Computer Security student goes the extra mile to help elderly

william-dilling

by Lucy Billington-Groom

As Christmas draws ever closer it’s the time of year that we feel the need, as a nation, to help those around us. I spoke to a De Montfort University student about the Square Mile project he’s involved with and why more of us feel the need to offer our services during the winter months.

William Dilling, pictured , a computer security student, has been regularly participating in drop-in sessions to aid the elderly in the use and understanding of technology for the past three months.

The project is run by De Montfort’s own Square Mile in which students visit community centres in Leicester and the public can come along and get help with their technology based issues.

The sessions are free and there is no sign-up required. With a varying attendance every session it’s a very relaxed and non-committal environment.

Each session is easy-going and takes on a question based structure and, if you have no idea on what to ask, they start with a basic walk through: how to log in, how to get on the internet, how to type, etc.

When asked about his motivation behind his volunteering William said: “It’s a real feel- good experience, not being from Leicester it allows me to feel more connected to the community and I feel like a real part of Leicestershire life.”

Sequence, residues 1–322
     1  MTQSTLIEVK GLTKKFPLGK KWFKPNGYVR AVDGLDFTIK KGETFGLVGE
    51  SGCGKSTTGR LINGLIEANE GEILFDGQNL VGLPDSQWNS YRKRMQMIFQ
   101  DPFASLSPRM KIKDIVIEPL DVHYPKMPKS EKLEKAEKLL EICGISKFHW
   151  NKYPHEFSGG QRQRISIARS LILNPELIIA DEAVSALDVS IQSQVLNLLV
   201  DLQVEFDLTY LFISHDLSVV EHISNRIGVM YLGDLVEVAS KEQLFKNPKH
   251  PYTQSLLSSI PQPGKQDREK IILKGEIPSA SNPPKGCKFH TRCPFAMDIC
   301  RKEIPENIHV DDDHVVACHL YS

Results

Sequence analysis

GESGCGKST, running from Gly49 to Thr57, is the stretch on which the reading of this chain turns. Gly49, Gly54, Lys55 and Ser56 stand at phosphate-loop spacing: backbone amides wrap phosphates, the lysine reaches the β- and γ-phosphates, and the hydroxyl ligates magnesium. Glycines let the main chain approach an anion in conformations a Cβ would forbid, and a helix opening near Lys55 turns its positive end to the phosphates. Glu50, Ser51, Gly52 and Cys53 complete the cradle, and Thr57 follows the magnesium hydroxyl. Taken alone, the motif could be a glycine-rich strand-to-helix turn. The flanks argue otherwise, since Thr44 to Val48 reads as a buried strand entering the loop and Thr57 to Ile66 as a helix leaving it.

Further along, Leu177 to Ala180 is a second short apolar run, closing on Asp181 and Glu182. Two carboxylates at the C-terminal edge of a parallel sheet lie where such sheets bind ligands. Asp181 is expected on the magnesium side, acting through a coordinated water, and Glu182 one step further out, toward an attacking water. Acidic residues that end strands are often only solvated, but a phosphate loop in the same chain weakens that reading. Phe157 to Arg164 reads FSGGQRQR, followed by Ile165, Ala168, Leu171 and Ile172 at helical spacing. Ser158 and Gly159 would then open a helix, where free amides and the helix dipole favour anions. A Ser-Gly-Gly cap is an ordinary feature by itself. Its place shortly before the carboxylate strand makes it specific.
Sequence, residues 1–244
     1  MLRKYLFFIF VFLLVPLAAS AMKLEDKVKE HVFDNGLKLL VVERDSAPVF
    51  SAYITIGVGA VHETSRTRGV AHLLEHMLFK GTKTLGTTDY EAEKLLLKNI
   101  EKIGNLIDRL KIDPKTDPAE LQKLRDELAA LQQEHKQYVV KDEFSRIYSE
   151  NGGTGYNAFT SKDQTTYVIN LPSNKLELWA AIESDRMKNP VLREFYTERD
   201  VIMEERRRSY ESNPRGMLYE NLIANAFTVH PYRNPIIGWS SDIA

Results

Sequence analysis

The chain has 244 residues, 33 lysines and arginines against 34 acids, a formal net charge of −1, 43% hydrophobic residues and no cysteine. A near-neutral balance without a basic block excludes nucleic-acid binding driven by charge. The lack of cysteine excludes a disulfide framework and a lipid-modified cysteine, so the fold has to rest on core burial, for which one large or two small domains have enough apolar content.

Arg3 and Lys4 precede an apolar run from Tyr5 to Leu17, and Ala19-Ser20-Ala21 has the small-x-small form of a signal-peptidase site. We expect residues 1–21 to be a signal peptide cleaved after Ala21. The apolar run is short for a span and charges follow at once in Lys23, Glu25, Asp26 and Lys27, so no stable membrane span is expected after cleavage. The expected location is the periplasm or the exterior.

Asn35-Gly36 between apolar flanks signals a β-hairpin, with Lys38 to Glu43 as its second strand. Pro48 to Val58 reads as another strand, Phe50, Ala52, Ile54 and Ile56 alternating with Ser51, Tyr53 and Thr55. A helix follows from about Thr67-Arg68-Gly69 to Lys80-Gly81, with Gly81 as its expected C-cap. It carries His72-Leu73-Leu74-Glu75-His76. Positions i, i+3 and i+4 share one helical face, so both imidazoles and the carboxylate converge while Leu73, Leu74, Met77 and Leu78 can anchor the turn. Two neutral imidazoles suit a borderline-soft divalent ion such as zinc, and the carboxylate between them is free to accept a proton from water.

The project is called IT4Free and they provide a set of computers to work with or you can bring your own device: phone, tablet or laptop for specific help.

In recent years it has become more imperative that the elderly are able to access and use new technology, “everything is going digital,” said William, “bills, banking, and even more recently pensions which is a worry for many of the people that see me for help.”

William continued: “It doesn’t particularly help with my studies but does help build me as a person and makes me more unique in an employability sense.”

It’s around the holidays that traditionally people become more charitable. “It’s helping people in a time that is hardest,” states William, “it’s cold, it’s a time to share with family and if you don’t have family then it can be very isolating. No one deserves to be alone especially at a time dedicated towards family in such a large way.”

When asked about students being stereotypically lazy and selfish William replied, “I think we’re the same as everyone, I don’t think there is a difference young or old it’s how you were brought up, if you’re not helping people now chances are you never will.

“It’s you as an individual that makes a difference despite age, race or gender.”

So embrace the season of giving and perhaps give a little of your time this Christmas.

IT4Free can be found at Woodgate community centre on Wednesday 1.45pm-3.30pm.

Labour students help Leicester homeless at Christmas

jack-loveys

by Alex Murray

Students at De Montfort University are to begin a drive to help the homeless in Leicester this Christmas.

The Labour Students Society are asking De Montfort students and members of the public to donate any spare items that will assist the homeless in this tough period.